Matthew Flinders biography and facts


Matthew Flinders Captain Matthew Flinders RN (16 March 1774 – 19 July 1814) was a distinguished navigator and cartographer, who was the first to circumnavigate Australia and identify it as a continent. On his first voyage to New South Wales, he made friends with the ship's surgeon George Bass, and the two of them presently sailed through what became the Bass Strait, confirming that Tasmania was an island. In 1801 he was commissioned to chart the whole coastline of New Holland, and he specially noted the fertile land around Port Phillip, today's Melbourne. Heading back to England in 1803, his vessel needed urgent repairs at Mauritius. Although Britain and France were at war, Flinders thought the scientific nature of his work would ensure safe passage, but a suspicious governor kept him under arrest for more than six years. In captivity, he recorded details of his voyages for future publication, and put forward his rationale for naming the new continent 'Australia', as an umbrella-term for New Holland and New South Wales - a suggestion taken up later by Governor Macquarie. His health had suffered, however, and although he reached home, he did not live to see the publication of his widely-praised book  ( Wikipedia )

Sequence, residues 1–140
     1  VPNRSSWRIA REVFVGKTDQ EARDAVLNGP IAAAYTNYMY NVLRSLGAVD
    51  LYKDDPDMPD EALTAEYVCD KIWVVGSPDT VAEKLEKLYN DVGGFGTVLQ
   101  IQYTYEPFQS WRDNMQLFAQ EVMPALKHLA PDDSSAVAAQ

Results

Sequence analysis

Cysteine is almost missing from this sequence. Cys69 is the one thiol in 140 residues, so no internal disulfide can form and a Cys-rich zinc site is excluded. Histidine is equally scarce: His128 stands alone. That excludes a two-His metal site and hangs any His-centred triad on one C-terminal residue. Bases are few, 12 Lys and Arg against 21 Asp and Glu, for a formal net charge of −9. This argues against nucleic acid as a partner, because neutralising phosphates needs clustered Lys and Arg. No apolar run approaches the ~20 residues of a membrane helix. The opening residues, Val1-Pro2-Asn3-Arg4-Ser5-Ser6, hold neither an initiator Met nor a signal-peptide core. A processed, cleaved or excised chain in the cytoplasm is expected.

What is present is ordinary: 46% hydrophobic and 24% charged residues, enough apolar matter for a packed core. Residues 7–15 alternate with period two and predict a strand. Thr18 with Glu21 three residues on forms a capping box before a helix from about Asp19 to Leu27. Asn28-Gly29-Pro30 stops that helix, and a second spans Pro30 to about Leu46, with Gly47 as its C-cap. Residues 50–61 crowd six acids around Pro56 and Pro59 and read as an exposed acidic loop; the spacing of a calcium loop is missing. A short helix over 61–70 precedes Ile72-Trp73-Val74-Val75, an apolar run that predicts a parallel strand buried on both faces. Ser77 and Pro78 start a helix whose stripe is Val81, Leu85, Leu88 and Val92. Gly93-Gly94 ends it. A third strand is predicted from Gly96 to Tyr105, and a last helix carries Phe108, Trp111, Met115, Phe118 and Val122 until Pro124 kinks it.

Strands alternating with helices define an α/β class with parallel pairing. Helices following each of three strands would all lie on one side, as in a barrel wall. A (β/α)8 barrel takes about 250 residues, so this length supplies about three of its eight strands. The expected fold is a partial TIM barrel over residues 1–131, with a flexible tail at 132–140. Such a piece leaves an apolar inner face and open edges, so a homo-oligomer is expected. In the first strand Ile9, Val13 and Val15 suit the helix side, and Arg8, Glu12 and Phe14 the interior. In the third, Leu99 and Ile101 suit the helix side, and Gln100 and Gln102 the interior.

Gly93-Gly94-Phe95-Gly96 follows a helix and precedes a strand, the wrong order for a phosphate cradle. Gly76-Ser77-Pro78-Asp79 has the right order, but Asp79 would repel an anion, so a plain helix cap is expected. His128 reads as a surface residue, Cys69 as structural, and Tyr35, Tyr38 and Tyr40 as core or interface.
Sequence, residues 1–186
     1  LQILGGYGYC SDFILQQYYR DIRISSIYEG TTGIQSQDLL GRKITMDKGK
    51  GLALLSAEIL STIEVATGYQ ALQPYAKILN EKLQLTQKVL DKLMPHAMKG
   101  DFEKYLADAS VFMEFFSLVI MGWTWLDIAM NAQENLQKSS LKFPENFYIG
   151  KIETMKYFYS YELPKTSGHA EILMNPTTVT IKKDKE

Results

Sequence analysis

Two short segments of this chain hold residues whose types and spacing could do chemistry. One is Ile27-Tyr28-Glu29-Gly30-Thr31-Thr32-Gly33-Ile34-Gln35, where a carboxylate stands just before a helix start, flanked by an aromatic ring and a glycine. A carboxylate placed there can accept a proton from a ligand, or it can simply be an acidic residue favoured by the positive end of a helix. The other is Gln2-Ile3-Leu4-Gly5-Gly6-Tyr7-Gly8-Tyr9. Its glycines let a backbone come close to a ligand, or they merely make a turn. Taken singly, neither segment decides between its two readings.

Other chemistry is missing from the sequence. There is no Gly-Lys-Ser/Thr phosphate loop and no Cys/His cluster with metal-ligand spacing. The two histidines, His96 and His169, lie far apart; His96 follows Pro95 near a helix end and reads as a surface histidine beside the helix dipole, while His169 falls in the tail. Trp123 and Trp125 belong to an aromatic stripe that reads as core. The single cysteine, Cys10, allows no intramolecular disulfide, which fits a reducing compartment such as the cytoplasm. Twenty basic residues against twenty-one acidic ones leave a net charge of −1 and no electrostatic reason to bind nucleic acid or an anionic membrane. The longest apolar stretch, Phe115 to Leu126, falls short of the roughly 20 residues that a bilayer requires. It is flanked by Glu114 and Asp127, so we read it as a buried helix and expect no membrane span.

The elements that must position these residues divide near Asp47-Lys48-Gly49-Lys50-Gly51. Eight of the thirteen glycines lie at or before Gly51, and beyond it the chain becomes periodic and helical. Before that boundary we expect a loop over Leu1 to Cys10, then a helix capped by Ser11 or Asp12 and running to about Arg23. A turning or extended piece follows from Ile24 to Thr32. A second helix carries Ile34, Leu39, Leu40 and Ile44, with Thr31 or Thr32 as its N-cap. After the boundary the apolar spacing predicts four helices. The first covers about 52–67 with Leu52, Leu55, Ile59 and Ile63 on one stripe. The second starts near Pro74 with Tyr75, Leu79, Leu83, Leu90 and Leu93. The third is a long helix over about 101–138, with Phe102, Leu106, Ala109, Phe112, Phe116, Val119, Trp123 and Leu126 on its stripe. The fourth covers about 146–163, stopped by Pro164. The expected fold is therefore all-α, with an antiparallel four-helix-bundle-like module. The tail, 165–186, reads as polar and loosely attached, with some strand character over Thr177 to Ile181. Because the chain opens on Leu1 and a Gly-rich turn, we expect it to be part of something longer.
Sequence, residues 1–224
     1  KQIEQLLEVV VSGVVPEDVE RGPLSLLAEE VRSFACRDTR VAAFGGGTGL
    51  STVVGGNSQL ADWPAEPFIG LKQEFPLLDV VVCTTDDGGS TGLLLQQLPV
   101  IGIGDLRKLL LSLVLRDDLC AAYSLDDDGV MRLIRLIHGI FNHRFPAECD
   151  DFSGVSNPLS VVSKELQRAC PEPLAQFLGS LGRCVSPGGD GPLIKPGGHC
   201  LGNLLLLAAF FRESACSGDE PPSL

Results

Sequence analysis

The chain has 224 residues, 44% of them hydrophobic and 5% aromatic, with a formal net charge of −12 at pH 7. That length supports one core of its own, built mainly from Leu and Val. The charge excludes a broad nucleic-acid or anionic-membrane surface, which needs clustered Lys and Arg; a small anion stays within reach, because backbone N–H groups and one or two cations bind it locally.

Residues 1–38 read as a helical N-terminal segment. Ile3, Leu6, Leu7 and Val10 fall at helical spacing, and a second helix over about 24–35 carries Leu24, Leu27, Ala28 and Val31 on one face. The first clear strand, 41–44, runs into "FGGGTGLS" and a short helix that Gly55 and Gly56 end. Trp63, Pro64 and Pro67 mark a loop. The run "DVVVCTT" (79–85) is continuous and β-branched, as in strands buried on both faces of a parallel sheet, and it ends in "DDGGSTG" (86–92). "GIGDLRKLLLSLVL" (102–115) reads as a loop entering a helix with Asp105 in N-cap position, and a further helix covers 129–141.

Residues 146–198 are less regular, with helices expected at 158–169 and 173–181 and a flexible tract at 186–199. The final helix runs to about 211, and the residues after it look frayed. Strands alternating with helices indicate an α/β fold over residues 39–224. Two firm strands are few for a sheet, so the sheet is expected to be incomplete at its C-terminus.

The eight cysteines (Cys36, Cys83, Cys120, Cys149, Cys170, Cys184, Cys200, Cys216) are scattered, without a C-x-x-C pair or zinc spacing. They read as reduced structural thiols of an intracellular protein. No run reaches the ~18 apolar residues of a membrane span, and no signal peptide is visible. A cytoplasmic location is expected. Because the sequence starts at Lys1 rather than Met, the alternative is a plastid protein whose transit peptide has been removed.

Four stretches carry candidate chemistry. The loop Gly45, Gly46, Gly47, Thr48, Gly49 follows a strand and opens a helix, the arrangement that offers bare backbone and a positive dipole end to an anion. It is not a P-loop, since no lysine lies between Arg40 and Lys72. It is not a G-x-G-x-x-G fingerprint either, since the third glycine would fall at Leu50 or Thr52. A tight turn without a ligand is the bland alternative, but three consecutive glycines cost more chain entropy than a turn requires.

Personal facts

Date of birth
Place of birth
Ann Flinders Ann Chappelle
Explorer, Sailor, Naval Officer


Company Job title From To
Royal Navy


Date of death
Place of death

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